If more Australian golfers were like Robert Allenby, perhaps the Australian Open would be in a healthier state.
Allenby has his critics – and often rightfully so – but one thing the 48-year-old can’t be accused of is not turning up.
Allenby has played his national championship at least 27 times (he believes it’s 30, although records can’t confirm it) in the last 28 years.
To put that into perspective, Paul Keating was the Prime Minister and Bryan Adams’ ‘Everything I Do’ was the song of the year the year Allenby announced his prodigious talent to the world.
The 1991 Australian Open was contested at Royal Melbourne and Allenby, then a 20-year-old amateur, finished second.
It was a result that could easily have been one better, his magnificent five-iron approach to tap-in range at the 72nd hole trumped only by Wayne Riley’s outlandish 40 foot putt on the same hole later to steal the title.
According to the available records Allenby has played all but two Opens since that remarkable day.
In 2009 he boycotted the tournament and played the Sun City event in South Africa instead because of a dispute with organisers (he won).
And his name doesn’t appear in the standing in 2010 either though ultimately the exact number of appearances isn’t the important detail.
“I just play every year,” Allenby says by way of explanation of his commitment to the tournament. “It’s your national championship and you should go. It’s a tournament everyone wants to win.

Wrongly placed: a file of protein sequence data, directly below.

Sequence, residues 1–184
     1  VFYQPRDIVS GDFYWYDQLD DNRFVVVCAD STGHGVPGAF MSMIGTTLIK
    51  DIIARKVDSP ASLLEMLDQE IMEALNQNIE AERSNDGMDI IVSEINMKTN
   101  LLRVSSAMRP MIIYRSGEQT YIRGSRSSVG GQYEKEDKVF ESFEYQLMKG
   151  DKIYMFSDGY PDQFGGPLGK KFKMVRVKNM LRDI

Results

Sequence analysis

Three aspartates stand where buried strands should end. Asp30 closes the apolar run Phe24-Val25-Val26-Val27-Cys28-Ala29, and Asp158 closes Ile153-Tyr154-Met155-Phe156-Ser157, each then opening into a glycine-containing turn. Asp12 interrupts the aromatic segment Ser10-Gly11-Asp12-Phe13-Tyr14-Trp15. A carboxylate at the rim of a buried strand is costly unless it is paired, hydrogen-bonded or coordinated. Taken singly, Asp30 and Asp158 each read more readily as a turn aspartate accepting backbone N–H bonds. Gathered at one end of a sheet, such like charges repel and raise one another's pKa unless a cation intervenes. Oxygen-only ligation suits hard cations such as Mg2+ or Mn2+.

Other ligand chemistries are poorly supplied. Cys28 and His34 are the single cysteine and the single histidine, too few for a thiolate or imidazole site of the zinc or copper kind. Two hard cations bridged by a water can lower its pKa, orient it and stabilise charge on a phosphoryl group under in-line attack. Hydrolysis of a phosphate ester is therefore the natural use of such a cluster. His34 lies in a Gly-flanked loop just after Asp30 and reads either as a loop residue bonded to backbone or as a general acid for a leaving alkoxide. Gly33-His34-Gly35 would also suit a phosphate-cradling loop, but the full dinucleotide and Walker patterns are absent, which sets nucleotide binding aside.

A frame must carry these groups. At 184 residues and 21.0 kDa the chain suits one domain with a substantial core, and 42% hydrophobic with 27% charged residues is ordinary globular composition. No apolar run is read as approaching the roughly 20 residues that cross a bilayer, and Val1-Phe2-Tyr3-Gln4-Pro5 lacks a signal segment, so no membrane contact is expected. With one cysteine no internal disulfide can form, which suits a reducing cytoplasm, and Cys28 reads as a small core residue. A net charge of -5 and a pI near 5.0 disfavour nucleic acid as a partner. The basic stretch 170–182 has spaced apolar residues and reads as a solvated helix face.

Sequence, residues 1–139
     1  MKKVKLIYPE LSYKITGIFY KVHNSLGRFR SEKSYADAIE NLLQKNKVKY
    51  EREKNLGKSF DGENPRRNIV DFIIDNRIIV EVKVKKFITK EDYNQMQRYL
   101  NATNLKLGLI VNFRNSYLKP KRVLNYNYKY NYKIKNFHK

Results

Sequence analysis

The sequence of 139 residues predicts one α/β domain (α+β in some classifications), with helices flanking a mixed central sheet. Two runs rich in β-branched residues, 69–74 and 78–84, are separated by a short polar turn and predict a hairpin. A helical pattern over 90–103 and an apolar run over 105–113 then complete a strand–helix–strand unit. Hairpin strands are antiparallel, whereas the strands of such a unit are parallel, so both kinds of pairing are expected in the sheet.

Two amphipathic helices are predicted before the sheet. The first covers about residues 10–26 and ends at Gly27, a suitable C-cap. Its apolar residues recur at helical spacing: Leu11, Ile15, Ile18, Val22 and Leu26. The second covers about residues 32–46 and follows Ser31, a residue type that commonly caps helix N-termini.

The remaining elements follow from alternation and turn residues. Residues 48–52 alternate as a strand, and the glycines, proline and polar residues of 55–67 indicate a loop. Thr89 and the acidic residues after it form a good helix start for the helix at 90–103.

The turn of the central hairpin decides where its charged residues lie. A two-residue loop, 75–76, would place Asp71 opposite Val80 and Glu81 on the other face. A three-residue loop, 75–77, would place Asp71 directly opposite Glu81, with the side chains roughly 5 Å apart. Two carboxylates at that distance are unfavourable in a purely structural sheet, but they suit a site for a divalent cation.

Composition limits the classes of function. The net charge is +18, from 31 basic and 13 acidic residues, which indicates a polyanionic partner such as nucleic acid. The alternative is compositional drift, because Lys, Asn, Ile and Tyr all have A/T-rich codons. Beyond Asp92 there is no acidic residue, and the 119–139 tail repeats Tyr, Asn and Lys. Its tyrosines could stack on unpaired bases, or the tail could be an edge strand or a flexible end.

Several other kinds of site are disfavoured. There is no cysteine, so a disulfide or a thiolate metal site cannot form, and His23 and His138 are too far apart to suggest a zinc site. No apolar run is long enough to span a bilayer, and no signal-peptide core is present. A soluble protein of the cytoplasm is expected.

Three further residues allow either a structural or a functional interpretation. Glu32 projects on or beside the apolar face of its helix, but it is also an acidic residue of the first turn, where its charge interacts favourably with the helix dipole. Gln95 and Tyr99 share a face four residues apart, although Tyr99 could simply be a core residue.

“It was once considered the fifth major and Jack Nicklaus and Arnold Palmer and Gary Player were the three that said that way back when.”
While he has had his ups and downs with tournament organisers over the years, it is undeniable Allenby has supported the event.
He famously donned a pair of pink ear-muffs at the ‘Party Hole’ in 2007, an incident he says was ‘a bit of fun’.
“I love our crowds and I love our tournament promoters because I think they put on some of the best tournaments in the world,” he said. “But that party hole I thought was a stupid idea and I wanted to make a mockery of it. I don’t mind you creating that sort of stuff but there’s a tented village for that.
“Once people get on the lunatic soup they get boisterous and crazy and it is the Australian Open, not the Phoenix Open, and I just didn’t think that was right.”
For all the drama and controversy, though, Allenby says his two Australian open titles – in 1994 and 2005 – are his proudest victories.
“Those trophies sit on top of all the others in my house,” he says. “Above the US and European victories, above everything.”